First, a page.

Dr. Harold Ginzburg and Rabbi Mendel Rivkin spent the weekend of November 11-15 in the Crown Heights section of Brooklyn, New York attending Chabad's annual International Conference of Shluchim (emissaries). The following is an article that Dr. Ginzburg penned about the experience. Thank you to Shmais.com for the photo.

This winter, I found myself being called something I had never been called before, a Shliach, an emissary.  I was a representative from and for the Chabad-Lubavitch community of New Orleans.  More than 3,000 Shluchim from six continents came together for a five day meeting, November 10 – 15, 2004, in Brooklyn.  More than 2,500 were rabbis from local congregations, from communities, from university centers, and, as some of my patients might say of their clergy, most are “working preachers,” that is, they minister to their flock and also work as educators.  The lay leaders and rabbis did what everyone does at conferences: talk, eat, eat, talk, and share ideas.  In Brooklyn, the Chabad-Lubavitch community is a tightly knit community. People dress alike; the men dress in dark suits and have long beards, and the women wear long-sleeved dresses and keep their own hair covered. 


The essence of Chabad-Lubavitch, whether it is in New Orleans, New York, The West Bank [not the one across the GNO bridge], London, or Moscow, is maintaining traditional values and establishing and encouraging Jewish education. Yiddishkeit is more than davening (praying), it is more than dressing in one manner or another, it is developing and expressing a sense of Jewish pride and a sense of belonging to our extended Jewish community. 


Now that I have visited the synagogue at 770 Eastern Parkway with its thousands of congregants, praying, socializing, arguing and discussing politics, with its announcements of engagements, marriages, births, and deaths, I can sit back and begin to appreciate why orthodox Jewry, whether of the Litvak, Sefardic, or Lubavitch variety was feared and envied over the centuries.  A congregation is an extended family, and families reach out to help family members and, occasionally, strangers.  There is nothing sinister about that.  For Chabad-Lubavitch, reaching out means helping those who have been born into a Jewish home become more aware of their heritage and their religion.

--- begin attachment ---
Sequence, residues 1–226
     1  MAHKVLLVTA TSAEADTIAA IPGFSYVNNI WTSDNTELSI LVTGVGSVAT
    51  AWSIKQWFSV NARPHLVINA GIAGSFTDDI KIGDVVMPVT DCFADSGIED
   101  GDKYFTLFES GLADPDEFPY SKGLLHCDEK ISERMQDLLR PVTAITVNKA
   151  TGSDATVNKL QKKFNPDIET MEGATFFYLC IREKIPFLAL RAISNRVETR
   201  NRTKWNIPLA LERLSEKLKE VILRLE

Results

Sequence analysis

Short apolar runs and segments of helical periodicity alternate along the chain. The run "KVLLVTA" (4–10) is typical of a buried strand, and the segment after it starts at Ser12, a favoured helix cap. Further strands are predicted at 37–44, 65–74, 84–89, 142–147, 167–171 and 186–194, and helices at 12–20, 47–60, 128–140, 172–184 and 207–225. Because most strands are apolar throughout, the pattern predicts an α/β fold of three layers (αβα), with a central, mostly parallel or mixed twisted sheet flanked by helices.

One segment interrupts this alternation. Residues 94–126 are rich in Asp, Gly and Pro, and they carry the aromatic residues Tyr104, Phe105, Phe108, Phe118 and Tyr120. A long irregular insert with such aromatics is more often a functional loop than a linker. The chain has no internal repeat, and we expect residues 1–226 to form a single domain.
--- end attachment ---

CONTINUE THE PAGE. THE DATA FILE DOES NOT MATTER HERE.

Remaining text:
An international meeting lends itself to finding commonalties and differences while trying to find common solutions to common problems.  The common problems explored include explaining what the purpose or role of Chabad is in their community, of dealing with prejudice against Jews, against Israel, and against Chabad.  Chabad evokes a negative image both within the Jewish community and external to it.  For those who follow the more orthodox teachings, for those who wear garments and dress in a manner different from their fellow Jews, they are perceived to be a threat to externalized or apparent assimilation.  Many Jews, in Louisiana, in the United States, and throughout the world, prefer to remain outwardly invisible about their Jewish faith.  Many Jews feel pressured not to be too outwardly labeled with their religion, especially since the Holocaust is not even one generation away for many of us.


Establishing and maintaining Chabad Centers in this country can, ironically, be just as difficult as establishing and maintaining such facilities in Eastern Europe, Asia and Africa.  Indifference, resentment, and concern about an orthodox Jewish hand reaching out to other Jews, seems to be a universal issue. 


Was the conference a success?  For me, it was.  I was raised in what I categorize as a pragmatically orthodox Litvak tradition.  We kept kosher at home and the family retail business remained open on Saturday.  Living in New Orleans provides me the opportunity to learn more about the Chabad-Lubavitch community.  That community has brought me back closer to the traditions with which I grew up and yet had drifted away from for a number of decades.  The international meeting illustrated that the Chabad-Lubavitch world-wide community, in general, and certainly the Chabad-Lubavitch community of Louisiana, see as its mission helping people become more aware and more knowledgeable about their faith. 


The Rebbe wrote:

“May G‑d grant that your words coming from the heart will penetrate the many hearts which are ready and eager to respond, and may G‑d grant you success in this as in all your other endeavors for yourself and your family.”


That is the daily challenge for members of the Chabad-Lubavitch community.